March 7 – Burden Made The Look For The L.A. Sounds

Today we remember a man Neil Young calls a “friend for life” and “collaborator,” a Grammy Award winner whose name surely appeared in the rolodexes of California’s musical elite in the ’60’s and ’70s…but whose name is all but unknown to most fans. Designer Gary Burden passed away this day in 2018, at age 84.

Album covers are an integral…often overlooked part of our musical listening experiences,” the CBC reminded us in a tribute to him. And Gary was among North America’s best at creating memorable ones. He was born in Cleveland to “a very conservative family and I didn’t fit in.” Curiously, his way of getting away from that was one of the most conservative-seeming routes… he joined the Marines! After leaving them, he spent a bit of time leading a “beatnik” lifestyle in California before settling down enough to go back to school. He studied design at the University of California, eventually graduating and working in architectural design. His lucky break though was having Cass Elliott hire him to remodel her house.

She liked what he did, and got along with him so she told him “you should design our new record cover – you know how to design things!”. And he did, designing the first Mamas and the Papas album cover…and getting to hang out with the group, and other Laurel Canyon musical friends of theirs all the while. “I blew off my three-piece suit and never looked back,” he says. “I was born – the real me.”

Soon he was the “go to” guy for the L.A. Music crowd when it came to making album covers. “How to visualize the music, that’s been my mission.” Conor Oberst, one of the last musicians he worked with says “Gary always wanted the album packaging to reflect the spirit of music (and thus) he was often at odds with the record labels when they sought to cut costs at the expense of what he and the artist had envisioned.” Happily he usually got his way!

After the Mamas and the Papas, he soon was doing covers like Crosby, Stills and Nash’s debut, the Doors Morrison Hotel (taken looking in to a real hotel named that, which Ray Manzarek had discovered driving around L.A.) and Crazy Horse’s self-titled one. That was a memorable one on two counts. One, because Burden typically envisioned and designed the cover, he more often than not got a photographer like his friend Henry Diltz to take the actual photo. “I was intimidated by the camera,” he said, but for this “I took that picture of the horse.” Which leads to the second reason it was memorable – “it was trying to bite me!”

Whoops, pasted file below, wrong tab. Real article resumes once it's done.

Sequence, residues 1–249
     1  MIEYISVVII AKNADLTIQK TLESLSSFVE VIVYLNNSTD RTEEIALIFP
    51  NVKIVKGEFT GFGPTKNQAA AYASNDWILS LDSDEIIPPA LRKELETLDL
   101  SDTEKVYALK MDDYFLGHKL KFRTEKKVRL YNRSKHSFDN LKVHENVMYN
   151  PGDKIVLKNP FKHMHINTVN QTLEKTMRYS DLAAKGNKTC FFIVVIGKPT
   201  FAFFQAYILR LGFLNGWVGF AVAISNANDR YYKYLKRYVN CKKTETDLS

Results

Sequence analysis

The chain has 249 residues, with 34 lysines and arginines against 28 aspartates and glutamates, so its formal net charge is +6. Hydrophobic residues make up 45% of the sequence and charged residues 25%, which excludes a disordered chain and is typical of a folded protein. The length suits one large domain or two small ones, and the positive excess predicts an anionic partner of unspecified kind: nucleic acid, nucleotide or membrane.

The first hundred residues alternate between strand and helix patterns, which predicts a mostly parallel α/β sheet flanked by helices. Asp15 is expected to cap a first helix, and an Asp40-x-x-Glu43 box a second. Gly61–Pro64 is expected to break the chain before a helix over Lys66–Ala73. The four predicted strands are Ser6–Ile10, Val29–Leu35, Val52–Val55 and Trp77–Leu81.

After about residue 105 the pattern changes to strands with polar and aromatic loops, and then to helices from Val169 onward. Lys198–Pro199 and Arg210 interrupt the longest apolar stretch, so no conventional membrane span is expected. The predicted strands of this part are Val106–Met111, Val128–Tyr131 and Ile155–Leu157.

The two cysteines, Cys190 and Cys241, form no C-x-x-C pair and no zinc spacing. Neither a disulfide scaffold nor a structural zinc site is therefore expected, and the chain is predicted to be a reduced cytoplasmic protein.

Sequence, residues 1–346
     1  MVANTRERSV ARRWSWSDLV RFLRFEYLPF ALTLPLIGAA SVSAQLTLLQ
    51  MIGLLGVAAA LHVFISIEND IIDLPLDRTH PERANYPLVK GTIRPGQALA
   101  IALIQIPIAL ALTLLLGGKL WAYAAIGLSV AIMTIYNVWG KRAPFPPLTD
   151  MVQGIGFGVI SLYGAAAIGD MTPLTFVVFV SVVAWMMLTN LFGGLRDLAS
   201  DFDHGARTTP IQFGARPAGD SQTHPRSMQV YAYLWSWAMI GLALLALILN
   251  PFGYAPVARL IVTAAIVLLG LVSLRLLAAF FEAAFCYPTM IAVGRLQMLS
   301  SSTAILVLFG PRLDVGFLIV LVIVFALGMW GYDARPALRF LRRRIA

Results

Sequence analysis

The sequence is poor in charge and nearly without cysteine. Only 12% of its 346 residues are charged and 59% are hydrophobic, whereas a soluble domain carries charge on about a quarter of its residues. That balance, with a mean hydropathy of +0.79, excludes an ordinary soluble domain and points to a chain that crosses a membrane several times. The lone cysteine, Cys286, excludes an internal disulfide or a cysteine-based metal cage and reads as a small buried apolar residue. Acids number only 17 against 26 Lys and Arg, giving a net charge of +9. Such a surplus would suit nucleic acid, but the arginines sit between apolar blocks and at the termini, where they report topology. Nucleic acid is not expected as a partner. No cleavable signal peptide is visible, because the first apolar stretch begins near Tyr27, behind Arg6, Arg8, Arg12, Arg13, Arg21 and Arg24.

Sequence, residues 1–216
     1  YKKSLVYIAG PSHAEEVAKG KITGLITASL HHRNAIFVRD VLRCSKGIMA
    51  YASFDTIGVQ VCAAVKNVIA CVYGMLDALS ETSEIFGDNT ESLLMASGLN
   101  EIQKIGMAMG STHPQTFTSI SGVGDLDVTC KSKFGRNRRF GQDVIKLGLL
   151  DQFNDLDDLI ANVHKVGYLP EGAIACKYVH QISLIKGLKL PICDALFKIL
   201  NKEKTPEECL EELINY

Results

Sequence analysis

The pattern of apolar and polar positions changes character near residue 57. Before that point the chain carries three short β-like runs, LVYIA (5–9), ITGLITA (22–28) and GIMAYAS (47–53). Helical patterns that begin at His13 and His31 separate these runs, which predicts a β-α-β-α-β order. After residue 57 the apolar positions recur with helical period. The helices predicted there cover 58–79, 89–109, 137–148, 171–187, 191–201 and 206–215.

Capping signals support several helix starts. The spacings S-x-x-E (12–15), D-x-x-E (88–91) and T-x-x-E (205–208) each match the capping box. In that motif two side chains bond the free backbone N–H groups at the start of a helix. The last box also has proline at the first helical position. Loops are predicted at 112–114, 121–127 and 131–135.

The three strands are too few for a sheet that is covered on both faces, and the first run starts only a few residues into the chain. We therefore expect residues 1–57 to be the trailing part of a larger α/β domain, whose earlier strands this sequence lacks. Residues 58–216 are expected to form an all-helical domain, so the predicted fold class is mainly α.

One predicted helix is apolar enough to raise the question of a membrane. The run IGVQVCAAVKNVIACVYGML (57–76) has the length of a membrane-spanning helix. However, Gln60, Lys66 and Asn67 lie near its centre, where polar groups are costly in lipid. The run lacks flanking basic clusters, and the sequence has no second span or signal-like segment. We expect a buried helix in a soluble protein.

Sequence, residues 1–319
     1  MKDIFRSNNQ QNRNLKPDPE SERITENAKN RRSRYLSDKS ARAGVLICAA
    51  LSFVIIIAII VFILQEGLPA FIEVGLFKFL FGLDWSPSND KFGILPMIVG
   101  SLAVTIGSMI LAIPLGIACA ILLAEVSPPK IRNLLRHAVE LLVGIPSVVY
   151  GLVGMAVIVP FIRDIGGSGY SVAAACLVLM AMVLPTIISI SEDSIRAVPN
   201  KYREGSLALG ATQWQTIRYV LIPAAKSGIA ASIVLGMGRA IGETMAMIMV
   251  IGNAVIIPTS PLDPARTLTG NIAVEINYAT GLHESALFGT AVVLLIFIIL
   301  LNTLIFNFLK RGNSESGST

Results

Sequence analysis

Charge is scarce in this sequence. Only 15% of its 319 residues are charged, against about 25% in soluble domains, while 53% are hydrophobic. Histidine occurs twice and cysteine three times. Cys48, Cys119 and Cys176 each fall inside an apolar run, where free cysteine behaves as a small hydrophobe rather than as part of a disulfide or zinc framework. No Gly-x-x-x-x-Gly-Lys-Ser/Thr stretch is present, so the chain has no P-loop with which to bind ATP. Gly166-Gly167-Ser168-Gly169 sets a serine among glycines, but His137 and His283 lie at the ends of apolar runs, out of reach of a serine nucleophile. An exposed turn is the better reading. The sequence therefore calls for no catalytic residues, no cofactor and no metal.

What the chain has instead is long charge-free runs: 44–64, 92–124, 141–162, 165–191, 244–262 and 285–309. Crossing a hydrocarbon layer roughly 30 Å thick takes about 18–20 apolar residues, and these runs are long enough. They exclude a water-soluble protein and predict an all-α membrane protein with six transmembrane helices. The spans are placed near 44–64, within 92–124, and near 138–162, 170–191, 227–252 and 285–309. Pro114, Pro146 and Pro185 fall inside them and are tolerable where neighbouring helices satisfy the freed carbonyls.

He did Joni Mitchell’s famous Blue (“this was such an honor for me. That’s the only cover of hers that she didn’t make herself.”) , the Eagles Desperado and Jackson Browne’s The Pretender. But his most enduring artistic partner was Neil Young. Young liked Burden and his art, and told Rolling Stone they made at least 40 album covers together and “I still have covers for unreleased albums that he made for me” which he says will see the light of day eventually. It was with Young that Burden won a Grammy, for packaging of a Young box set in 2010. Burden picks Young’s On the Beach as his all-time favorite. The one with Young, facing away from the camera, staring at the sea in a bright yellow shirt beside a tacky yellow lawn dining set and with a fin from an old Cadillac sticking out of the sand “was about America in the ’70s where everything was cheaper than it looked.”

Burden was survived by his wife Jenice Heo, an artist herself. She worked with him on some covers and was for a time Art Director at Warner Brothers records. It’s hard not to think that his passing mirrors a passing of an era in music… because say what you will about Spotify or downloading mp3s, there is just no comparison to seeing a little 200X200 pixel picture on a phone screen to holding a 12” X 12” piece of art in your hands while listening.

17 thoughts on “March 7 – Burden Made The Look For The L.A. Sounds

  1. Badfinger (Max)

    What a cool gig the guy had. Of course he had the talent to make it work but that would be a great way to make a living…of course you would starve now. Not a musician but creative all the same. Since he didn’t take some of the pictures I guess he just laid it out.

    Liked by 1 person

    1. yes, it sounds like he did everything but set the camera settings; he’d envision it, find the location, tell the photog where to shoot from etc, on the Joni Mitchell album he says he wanted it to look like an “1880s cyanotype” and he figured out how (which wasn’t that difficult IF you worked in photography and had taken courses in it back then, but would be very obscure to ordinary people; involved adding a bit of some particular chemical to the developer while developing a typical B&W print) , on ‘After the Gold Rush” he decided to take the original photo and ‘solarize’ it to make it look like a sort of weird negative then he added the lettering, making it look rusty because “What comes after a gold rush? Rust” … quite a cool job, like you say.
      With re-emergence of popularity of vinyl, there are probably some doing it again but likely on the side… I doubt they get budgets for the covers like they used to!